Aero-engines are lightweight structures which are assembled of several thin walled cylindrical components (casings). Casings are joined by bolted flanges, and must withstand high forces. To accurately predict the response of casings assembly, the non-linear behavior of the casing joints must be considered. Currently, aero-engine manufacturers (i.e PWC) are facing serious limitations in matching the experimental results with FE models prediction tools of the aero-engine.
This research project studies a specific component in the commercial aircraft engine called the squeezed film damper, or SFD. The SFD is applied to reduce the vibration of the engine rotor, which in turn reduces the noise and brings comfort to the passengers. The expected delivery from this project includes an advanced SFD model which will be used by P&WC for the simulation of engine vibration. The developed model can also be studied as the guideline for an upgraded level of SFD design.
Pratt & Whitney Canada (P&WC) is interested to further investigate the use of novel Polymer Matrix Composites (PMC's) technologies, in order to improve their products by reducing weight and increasing performances of their engines. Current applications of PMC's in P&WCs engine are mostly limited to cold section parts (
Powder metallurgy uses metal powders to produce parts of varying complexity. The processes can generally be divided in two big steps. The first is to form the powder into the required shape. This is generally done by pressing or molding the powder. The second step is to consolidate the powder into a solid piece of metal. This is done by heating the formed powder just below its melting temperature. At this point the metal particles will slowly coalesce into a uniform metal structure.
Non-metallic technologies, including composite materials, have the potential to improve aircraft engines performances and fuel efficiency, and therefore gained a lot of popularity in the aerospace sector in the past decades. Therefore, the overall objective of this research project is to develop an understanding of all available non-metallic technologies, their maturity and value proposition when applied to Pratt & Whitney Canada engines. The intern will contribute to accelerate the development and incorporation of specific non-metallic components in Pratt & Whitney engines.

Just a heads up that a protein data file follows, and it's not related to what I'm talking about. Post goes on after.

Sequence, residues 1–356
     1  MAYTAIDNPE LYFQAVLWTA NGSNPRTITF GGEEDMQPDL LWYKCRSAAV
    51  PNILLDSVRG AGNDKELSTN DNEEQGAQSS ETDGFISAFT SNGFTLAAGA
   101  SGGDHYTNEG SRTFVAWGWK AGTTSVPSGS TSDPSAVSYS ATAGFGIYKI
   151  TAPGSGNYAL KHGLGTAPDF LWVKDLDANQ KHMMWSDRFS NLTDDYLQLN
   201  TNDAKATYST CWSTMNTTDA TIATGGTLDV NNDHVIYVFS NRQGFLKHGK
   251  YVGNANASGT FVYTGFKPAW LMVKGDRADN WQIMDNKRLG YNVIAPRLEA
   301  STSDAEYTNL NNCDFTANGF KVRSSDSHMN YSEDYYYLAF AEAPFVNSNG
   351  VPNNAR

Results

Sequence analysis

Turbine discs are critical rotating parts of aircraft turbofan jet engines and are manufactured as separate units. In order for production acceptance of the forging technique used to manufacture turbine discs, a large amount of testing is conducted. This testing completed on raw materials and finished products includes a series of tensile and Low Cycle Fatigue (LCF) specimen testing. Based on the test data, this proposed research aims to determine a relationship between tensile properties and LCF life.
Bell Helicopter Textron Canada Limited and Pratt & Whitney Canada have all initiated research projects on Additive Manufacturing (AM) processes. Although applications are different, all companies are facing the same challenges, including the lack of a mature Canadian supply chain. The purpose of the current project is to bring together the whole value chain (Certification authorities, OEMs, Suppliers, Universities & Research Centers) to collaborate on common tasks for the development of the capability to design, produce, inspect and certify parts using AM processes.
Pratt & Whitney Canada (PWC) seeks to improve the monitoring of its machining process aiming to reduce cost and prevent the tools, workpieces and machine damages during the machining. To achieve this improvement, data mining and advanced artificial intelligence technique which called Logical Analysis of Data (LAD) is used. LAD has ability to identify conditions of tools and of determining which machining conditions can indicate the tool failure or degradation is happening, and which can be considered redundant.
Additive manufacturing is an innovative and promising technology that has potential to provide the aerospace industry with many benefits in the design and fabrication of aerospace components. Advantages to the additive manufacturing process include: the ability to fabricate complex designs not easily obtained through traditional manufacturing, a substantial reduction in materials waste in processing and a reduction in the total manufacturing time for multi-part assemblies.
The goal of the project will be to further refine and enhance P&WC's (Pratt & Whitney Canada) near and long term Industrial Engineering strategies with respect to development and deployment of Intelligent Manufacturing Cells. Firstly, an understanding of current P&WC Intelligent Manufacturing Cell Projects in parallel with surveying leading Industrial Engineering (IE) research and application development for integration of similar cells within best-in-class mechanical manufacturing industries will be developed.